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National Dress of Bhutan

Bhutan's rich cultural aesthetics and traditions are well-known worldwide. This small country differs from other developing countries in a number of ways, including its dress code. To express their distinct identity, the traditional attire for Bhutanese people was initially established by Zhabdrung Ngawang Namgyal, who united Bhutan as a nation-state in the 17th century. In an effort to promote and preserve Bhutanese heritage, Bhutanese individuals are required to dress in their traditional outfits. The Driglam Namzha, which loosely translates to "discipline and ethics," also governs how Bhutanese citizens are expected to conduct themselves in public. It creates the standards for appropriate public attire and behavior for formal occasions. This practice has led to a stronger sense of kinship among the locals and a greater connection to the land. People are required to adhere to the national dress code in order to foster a sense of community. In fact, people also wear the national dress in schools, offices, and important events, either as school uniforms or as formal attire.


Image source, Wangda Dorje


Bhutanese men dress to the knees in a robe-like garment that is wrapped over their bodies and neatly fastened with a woven belt called the "kera" or "kerey." It completes their style by adding an accessory to their overall outfit. It comes in a broad variety of styles, hues, and patterns, is widely accessible in Bhutan, and can be worn by both men and women. The garment for men, referred to as "Gho" in Dzongkha, has a pouch-like space in the upper half that is used to store various items, most recently cell phones. They also wear a white shirt-like piece of clothing underneath the gho called the "Tego."


A long silk scarf known as a "Kabney" is often worn by men along with their Ghos. It is typically 90 cm by 300 cm (35 in by 118 in) in size and made up of raw silk. Kabney is worn on important occasions or when visiting a dzong and extends from the left shoulder to the right hip. "Bura" is another name for Kabney, and it means wild silk. These Kabneys have different colors for each individual and are assigned to them based on the rank or position they hold within the country. Every Bhutanese is required to follow this etiquette when meeting higher authorities or at significant national occasions. A yellow scarf is worn by the king of Bhutan. His Kabney is highly distinctive, being the seat of the highest authority in the country. The district administrator dons a red scarf with white stripes, whereas the judge, the highest judicial authority, wears a green Kabney. In Bhutan, the white-colored kabney is reserved for the common people.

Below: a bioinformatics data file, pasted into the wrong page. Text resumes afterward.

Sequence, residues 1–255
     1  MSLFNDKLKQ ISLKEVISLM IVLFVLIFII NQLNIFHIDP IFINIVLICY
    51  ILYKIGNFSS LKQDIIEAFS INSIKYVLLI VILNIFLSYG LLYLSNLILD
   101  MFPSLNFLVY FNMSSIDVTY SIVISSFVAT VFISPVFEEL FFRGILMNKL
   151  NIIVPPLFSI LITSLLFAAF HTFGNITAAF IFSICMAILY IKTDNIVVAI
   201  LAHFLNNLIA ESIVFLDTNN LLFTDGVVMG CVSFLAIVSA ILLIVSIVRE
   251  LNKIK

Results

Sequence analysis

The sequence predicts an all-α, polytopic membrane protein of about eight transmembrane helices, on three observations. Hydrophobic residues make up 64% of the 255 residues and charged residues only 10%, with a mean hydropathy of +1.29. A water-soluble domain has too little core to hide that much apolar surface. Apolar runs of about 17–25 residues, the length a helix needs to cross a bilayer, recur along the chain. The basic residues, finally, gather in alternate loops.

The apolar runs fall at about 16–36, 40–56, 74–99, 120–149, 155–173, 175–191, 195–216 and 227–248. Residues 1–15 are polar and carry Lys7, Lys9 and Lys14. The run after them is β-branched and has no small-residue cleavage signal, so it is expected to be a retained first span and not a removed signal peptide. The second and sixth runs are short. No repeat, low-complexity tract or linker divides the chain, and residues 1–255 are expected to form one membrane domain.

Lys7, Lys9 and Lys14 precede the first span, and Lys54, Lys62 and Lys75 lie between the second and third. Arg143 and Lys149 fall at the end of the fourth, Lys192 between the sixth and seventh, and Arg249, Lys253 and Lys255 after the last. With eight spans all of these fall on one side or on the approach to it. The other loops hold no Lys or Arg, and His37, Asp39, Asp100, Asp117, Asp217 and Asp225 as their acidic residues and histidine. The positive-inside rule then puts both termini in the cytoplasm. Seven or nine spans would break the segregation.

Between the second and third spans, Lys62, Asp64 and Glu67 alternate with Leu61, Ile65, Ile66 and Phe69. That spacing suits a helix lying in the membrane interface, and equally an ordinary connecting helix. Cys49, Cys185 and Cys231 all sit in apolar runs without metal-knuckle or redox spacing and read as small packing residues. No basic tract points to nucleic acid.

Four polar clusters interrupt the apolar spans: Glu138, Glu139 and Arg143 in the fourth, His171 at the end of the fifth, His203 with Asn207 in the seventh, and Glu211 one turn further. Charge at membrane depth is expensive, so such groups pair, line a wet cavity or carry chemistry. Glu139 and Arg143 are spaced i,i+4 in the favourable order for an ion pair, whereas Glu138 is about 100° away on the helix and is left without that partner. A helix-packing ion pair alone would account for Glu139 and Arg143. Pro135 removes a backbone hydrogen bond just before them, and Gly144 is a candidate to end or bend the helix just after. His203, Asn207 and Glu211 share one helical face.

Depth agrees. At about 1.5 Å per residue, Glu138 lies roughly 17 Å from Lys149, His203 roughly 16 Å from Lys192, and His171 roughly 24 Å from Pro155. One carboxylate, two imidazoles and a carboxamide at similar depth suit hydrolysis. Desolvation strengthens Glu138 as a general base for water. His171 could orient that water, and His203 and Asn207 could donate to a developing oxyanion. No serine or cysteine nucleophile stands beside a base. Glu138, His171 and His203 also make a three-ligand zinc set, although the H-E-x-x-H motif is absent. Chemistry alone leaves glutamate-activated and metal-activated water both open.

Bhutanese women are often seen wearing an apron-like garment known as "Kira." This traditional attire is a long dress that reaches the ankles. Traditional kiras are long and must be pinned at both shoulders, generally with silver brooches called "koma." It is then twisted and folded around the body before being secured at the waist with a long belt. However, we can also find modernly alternated kiras that are comparatively shorter (waist to toe length). Typically, a wonju (long-sleeved shirt) is worn inside the kira and a short jacket, or toego, is worn outside. Toegos and wonju differ from the long robe's pattern, fabric, and color.

Women in Bhutan also pair their traditional outfit, the rachu, with it. Normally, the left shoulder is where it is worn. Some rachus are used to represent women's occupations, much like kabney. The majority of women do, however, wear ruching in various elaborate designs in red. When visiting temples, attending business meetings, greeting senior authorities, and participating in festivals, people wear rachu to demonstrate their respect. We will also be able to see that on important occasions, both men and women, along with children in Bhutan dress in intricately embroidered vibrant hand-woven outfit.


Bhutan has their own unique culture that sets apart it’s place among other nations in the world through a variety of aspects including the clothing culture. The firm ethics and etiquette of Bhutanese disciplinary culture also helps to determine the mannerisms of Bhutanese people at formal and informal settings. Through shared ideals and identities, a deeper sense of unity is developed and Bhutan is definitely able to preserve their identity through both traditional and modernized versions of clothing customs.

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